We’ve been without new music from The Essex Green for a dozen years. The new album is called Hardly Electronic, and after the long hiatus, the Brooklyn band doesn’t miss a beat. The first track, “Sloane Ranger,” makes that clear, with its bouncing bass line, its sprightly keyboard melody, its male/female vocal interplay and the horn part flawlessly threaded through the arrangement. Elsewhere, The Essex Green engage in their typical exploration of other musical avenues, from a blurry, jazz-tinged folk song spiked with a noisy interlude to vaguely vintage-feeling pop ’n’ soul to harmony-heavy post-punk-pop and a big-city take on country music. —Ben Salmon
3. Lori McKenna: The Tree
Every Lori McKenna album has at least one song that will make you cry—and depending on who you are, and where you are in life, it could be any of them that gets you choked up. It’s not that McKenna is trying to put a lump in your throat. The Massachusetts songwriter is just singing the truth as she knows it, which is well enough: she’s a mother of five who has been married to the same man for 30 years and still lives in the town where she was born. She has a well-informed perspective, then, on growing up and growing older and watching the world change around you. Like most of her work, McKenna’s latest is a family-centered collection of rootsy folk songs, and as usual, she finds profundity in the ordinary moments of everyday life. McKenna’s attention to detail, and the way she makes universal sentiments suddenly, and piercingly, specific, are why her songs are special enough to have earned the deep respect of her fellow folk singers, and to have caught the ear of the big-ticket country stars who have recorded them, including Tim McGraw, Faith Hill and Little Big Town. Wistful songs about love and family would be deeply uncool in the wrong hands, but McKenna seems more interested in being honest than hip. Her voice is warm and frank, and her understated, mostly acoustic musical arrangements never overshadow lyrics in which she almost always manages to say the right thing. —Eric R. Danton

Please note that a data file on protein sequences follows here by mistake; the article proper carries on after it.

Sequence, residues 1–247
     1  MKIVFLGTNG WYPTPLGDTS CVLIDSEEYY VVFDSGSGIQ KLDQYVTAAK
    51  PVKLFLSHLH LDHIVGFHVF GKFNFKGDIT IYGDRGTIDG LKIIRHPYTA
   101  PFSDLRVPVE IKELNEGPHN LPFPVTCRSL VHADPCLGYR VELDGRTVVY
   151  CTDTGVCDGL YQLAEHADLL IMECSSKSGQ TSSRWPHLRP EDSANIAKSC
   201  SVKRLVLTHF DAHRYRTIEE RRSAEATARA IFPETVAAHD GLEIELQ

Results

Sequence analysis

2. The Internet: Hive Mind
On Los Angeles collective The Internet’s first album since the breakthrough of 2015’s GRAMMY-nominated third LP, Ego Death, the vibe is crowd-pleasing—an intelligent, studied mix of funk, hip-hop, R&B and jazz textures. Dynamic but relaxed, each track rolls in on an inherently summery energy, filled with fresh air, an escape from the city’s stifling energy and out onto the breezy fire escape. Hive Mind goes down easy as a whole; an even-keeled, laid-back drift in and out of The Internet’s signature and sophisticated soundscape. Sprinkled with codas and half-songs, the effect is natural, not jarring, like turning down an alley, or rounding a city street and stumbling into another story. —Madison Desler
1. Tony Molina: Kill the Lights
Tony Molina has mastered the old showbiz axiom of leaving ’em wanting more. The Bay Area singer/songwriter cut his teeth playing hardcore punk, recording bite-sized noise-pop blasts with the Ovens, before going solo with 2014’s Dissed and Dismissed, a 12-track album of pitch-perfect Weezer worship that lasts less than 12 minutes. Kill the Lights is almost as short: 10 tracks in under 15 minutes. The longest song is actually two in one, “Look Inside Your Mind/Losin’ Touch,” which features a woozy psych-pop melody, a delicately plucked interlude and a bluesy solo within it’s two and a half minutes. What’s interesting and impressive about Molina’s songs is that they rarely feel unfinished or even hurried. The guy usually packs a verse and a chorus, maybe a guitar solo and/or some fingerpicking, and he paces it all perfectly across 26 or 57 or 91 seconds. He is seemingly unbound by verse-chorus-verse-chorus-bridge-chorus conventions, and yet his mini-masterpieces always feel complete. —Ben Salmon